Finished Bridgestone 175 Hurricane Scrambler photos

This bike is a blast to ride. Fast and zippy for a small bike but next to a real motorcycle, you realize how slow you are going! The restoration took about a year. I had help rebuilding the engine and transmission. A friend Adam helped me weld the bump onto the seat. Chrome, powder coat and paint were all locally sourced. Custom YSS shocks. Assembled by me. The only bummer is that I could not find the correct street Bridgestone tires to put on the bike.

1967 Bridgestone 175HS custom silver frame. Coated pipes. Custom seat, handlebars.

Bridgestone 175HS custom progress photos

Back from powder coat.

Back from powder coat.

Back from powder coat.

Back from powder coat.

Clean carbs

Clean carbs

I sourced this engine build to a guy who builds Yamaha RD's and such.  Fingers crossed it works.

I sourced this engine build to a guy who builds Yamaha RD’s and such. Fingers crossed it works.

Painter went all out... all i needed was the rear dome painted.  I'm not complaining.  It looks amazing. The tank looks killer.  Photos of that to come

Painter went all out… all i needed was the rear dome painted. I’m not complaining. It looks amazing. The tank looks killer. Photos of that to come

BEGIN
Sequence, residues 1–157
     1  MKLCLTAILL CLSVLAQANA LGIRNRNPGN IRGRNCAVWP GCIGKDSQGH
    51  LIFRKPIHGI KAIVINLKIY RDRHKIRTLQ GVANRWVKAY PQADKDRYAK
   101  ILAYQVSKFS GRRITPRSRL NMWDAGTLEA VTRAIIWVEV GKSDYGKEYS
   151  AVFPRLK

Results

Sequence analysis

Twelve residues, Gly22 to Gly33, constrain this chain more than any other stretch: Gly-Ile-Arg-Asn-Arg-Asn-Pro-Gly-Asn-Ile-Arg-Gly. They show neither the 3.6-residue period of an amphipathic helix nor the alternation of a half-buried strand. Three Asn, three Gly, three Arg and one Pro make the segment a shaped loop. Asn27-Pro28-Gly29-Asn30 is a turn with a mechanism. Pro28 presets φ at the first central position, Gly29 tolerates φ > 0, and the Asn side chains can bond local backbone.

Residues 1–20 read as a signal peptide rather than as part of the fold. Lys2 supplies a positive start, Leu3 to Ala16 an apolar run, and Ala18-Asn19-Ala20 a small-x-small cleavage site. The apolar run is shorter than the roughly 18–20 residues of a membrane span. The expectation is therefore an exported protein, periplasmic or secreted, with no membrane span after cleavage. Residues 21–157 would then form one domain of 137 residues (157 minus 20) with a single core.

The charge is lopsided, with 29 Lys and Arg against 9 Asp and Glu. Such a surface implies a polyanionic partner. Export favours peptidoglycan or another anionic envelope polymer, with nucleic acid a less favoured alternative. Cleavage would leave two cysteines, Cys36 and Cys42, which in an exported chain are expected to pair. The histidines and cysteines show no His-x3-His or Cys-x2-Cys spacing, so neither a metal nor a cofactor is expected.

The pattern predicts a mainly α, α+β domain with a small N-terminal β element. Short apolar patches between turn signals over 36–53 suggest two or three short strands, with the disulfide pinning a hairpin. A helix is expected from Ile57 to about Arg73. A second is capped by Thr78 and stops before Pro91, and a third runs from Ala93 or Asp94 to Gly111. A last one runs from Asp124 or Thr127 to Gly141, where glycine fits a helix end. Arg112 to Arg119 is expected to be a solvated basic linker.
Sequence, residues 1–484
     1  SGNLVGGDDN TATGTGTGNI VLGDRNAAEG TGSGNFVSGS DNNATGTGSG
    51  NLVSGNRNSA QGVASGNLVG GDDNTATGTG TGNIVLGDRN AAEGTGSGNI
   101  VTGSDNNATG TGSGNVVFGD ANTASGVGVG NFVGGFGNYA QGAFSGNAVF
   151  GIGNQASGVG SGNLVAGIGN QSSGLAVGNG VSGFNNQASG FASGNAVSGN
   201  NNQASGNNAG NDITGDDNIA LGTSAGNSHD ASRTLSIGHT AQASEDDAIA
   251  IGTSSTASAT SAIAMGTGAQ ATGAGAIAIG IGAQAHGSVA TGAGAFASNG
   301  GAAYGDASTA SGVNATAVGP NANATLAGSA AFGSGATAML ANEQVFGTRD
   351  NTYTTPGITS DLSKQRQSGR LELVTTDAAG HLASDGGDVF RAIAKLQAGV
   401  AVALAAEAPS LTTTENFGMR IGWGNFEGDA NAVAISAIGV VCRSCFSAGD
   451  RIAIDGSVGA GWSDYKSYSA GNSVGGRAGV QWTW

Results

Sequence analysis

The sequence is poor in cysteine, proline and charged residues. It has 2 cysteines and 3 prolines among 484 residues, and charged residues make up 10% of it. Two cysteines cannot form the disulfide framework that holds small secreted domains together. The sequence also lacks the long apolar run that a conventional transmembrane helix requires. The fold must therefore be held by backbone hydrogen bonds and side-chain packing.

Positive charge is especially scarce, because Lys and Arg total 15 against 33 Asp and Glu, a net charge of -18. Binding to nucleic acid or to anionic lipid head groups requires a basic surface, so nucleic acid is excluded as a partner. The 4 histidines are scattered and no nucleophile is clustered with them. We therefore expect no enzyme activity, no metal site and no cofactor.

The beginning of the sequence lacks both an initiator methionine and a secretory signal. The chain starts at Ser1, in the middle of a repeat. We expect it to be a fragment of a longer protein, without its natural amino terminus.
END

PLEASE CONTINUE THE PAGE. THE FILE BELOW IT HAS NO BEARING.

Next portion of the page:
Upholstery complete.

Upholstery complete.

The Bridgestone 175 Hurricane Scrambler

I have no idea what draws us to certain bikes… but I saw this for sale, cheap, and I had to get it.  I think the toaster tank had something to do with it.    It is a 1967 Bridgestone 175 Hurricane Scrambler.

I’m waiting for a bunch of custom BMW parts (in development), that this seemed like a good place to put that antsy restoration energy.

Supposedly, Bridgestone made such great bikes that they were pressured by other Japanese motorcycle companies to stop making motorcycles, otherwise the other companies would stop buying the Bridgestone tires.

 

1967 Bridgestone 175 HS

1967 Bridgestone 175 HS

This bike arrived a bit rougher then I expected.  With some help of a mechanic genius at the Oshmo shop, we got it running.
It had a weak spark so I waited about a month for some parts to arrive, replaced the coils and with the help of my daughter, we got it fired up with one kick.

I have no idea why I am going to sink time and money into this bike… but she is going to get torn down for a complete restoration with some custom bits thrown in.

Stay tuned for some 2 stroke updates…